There have been some interesting discussions on music recently. Jantango, who is close to the source, got an answer to the three-minute question recently.
So is a tango three minutes because records lasted only three minutes?
Well, records never needed to last three minutes. They could have been bigger or smaller, they could have revolved faster or slower. In fact it looks as if they were designed to record three-minute songs. It was a convenient length, it was the length people wanted, and still like. My memory of English folk songs is pretty distant, but it wouldn't surprise me if they are three minutes long, mas o menos. Perhaps the precursors of recorded tango lasted about three minutes too.
What do we get in three minutes? Most tangos, and most songs generally, are A-B-A in structure. It's a structure people seem to like, it works well musically and in a song. 16-bar blues follow much the same pattern. In practice, we get three segments of around 16 bars each. 16 bars to a minute, mas o menos, 48 bars start to finish. 48 bars of four beats each, that's 192 beats in three minutes, which is... 64 beats a minute. A familiar number. 192 heart beats to a tango.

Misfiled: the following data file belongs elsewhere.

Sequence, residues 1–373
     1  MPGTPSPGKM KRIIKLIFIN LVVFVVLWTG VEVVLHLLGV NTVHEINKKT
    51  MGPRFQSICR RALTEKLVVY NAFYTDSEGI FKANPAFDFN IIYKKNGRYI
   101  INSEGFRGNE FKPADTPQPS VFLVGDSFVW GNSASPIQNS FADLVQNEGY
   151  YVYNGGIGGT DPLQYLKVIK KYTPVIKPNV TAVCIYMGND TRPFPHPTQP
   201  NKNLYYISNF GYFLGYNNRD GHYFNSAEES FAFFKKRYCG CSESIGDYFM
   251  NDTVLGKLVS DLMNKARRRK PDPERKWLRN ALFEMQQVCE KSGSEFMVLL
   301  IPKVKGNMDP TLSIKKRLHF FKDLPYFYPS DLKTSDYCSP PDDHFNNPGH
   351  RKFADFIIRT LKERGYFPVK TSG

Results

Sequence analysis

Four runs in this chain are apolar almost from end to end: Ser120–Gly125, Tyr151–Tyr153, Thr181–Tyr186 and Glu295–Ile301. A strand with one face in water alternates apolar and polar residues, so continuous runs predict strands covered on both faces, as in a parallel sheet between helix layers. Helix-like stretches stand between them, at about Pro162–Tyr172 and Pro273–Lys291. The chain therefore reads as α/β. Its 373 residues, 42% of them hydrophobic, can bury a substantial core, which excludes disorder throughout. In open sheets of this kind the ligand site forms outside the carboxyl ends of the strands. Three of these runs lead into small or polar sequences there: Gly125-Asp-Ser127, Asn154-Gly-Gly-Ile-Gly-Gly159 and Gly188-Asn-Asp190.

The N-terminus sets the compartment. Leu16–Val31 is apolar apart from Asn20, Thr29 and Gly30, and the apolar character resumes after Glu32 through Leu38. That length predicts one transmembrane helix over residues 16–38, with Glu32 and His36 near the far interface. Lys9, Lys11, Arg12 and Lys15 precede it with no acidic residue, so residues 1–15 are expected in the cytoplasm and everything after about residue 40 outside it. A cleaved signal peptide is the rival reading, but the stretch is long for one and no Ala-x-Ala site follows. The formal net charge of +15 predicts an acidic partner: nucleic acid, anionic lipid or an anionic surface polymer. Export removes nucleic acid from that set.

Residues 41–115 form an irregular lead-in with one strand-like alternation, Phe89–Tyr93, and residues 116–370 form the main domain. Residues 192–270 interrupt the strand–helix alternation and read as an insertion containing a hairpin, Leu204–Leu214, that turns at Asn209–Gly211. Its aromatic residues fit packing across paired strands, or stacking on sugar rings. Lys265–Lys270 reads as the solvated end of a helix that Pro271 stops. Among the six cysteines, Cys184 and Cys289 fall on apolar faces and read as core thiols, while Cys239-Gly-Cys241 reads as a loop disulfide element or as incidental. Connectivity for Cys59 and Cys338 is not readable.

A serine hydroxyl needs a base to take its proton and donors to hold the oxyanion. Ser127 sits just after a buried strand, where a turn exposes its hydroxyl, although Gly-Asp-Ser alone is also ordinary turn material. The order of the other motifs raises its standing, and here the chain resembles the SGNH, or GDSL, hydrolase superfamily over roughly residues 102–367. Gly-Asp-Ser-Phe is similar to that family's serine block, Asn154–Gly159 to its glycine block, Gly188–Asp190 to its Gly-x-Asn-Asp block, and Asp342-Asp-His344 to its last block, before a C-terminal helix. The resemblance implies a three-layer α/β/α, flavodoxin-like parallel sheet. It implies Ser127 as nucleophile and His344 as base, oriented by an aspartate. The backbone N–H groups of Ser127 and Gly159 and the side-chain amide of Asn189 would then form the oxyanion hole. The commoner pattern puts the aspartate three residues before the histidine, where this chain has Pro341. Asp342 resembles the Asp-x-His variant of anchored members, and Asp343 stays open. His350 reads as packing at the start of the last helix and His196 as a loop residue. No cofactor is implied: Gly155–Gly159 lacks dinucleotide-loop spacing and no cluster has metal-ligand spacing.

& some hard evidence: I've got the piano version of Sur here, 'Letra de H. MANZI, Musica de ANIBAL TROILO'. It's in two pages: A and B. There are three verses, corresponding to A-B-A. A has 17 bars, B has 18 bars.
Jantango writes that Julián Peralta, who teaches at the National Tango Academy in Buenos Aires, was a member of Orquesta Tipica Fernando Fierro and is presently with Orquesta Astillero, gave this answer to the three-minute question: '...a tango is a synopsis rather than a novel. It says what is necessary musically and sometimes with words, in a couple of minutes. It is complete with theme and variation.' Which I really like. He says that it gives us everything we need. & if we need more, well, we just play three or four of them, one after the other! What would a milonga be like if each tango went on for 12 minutes?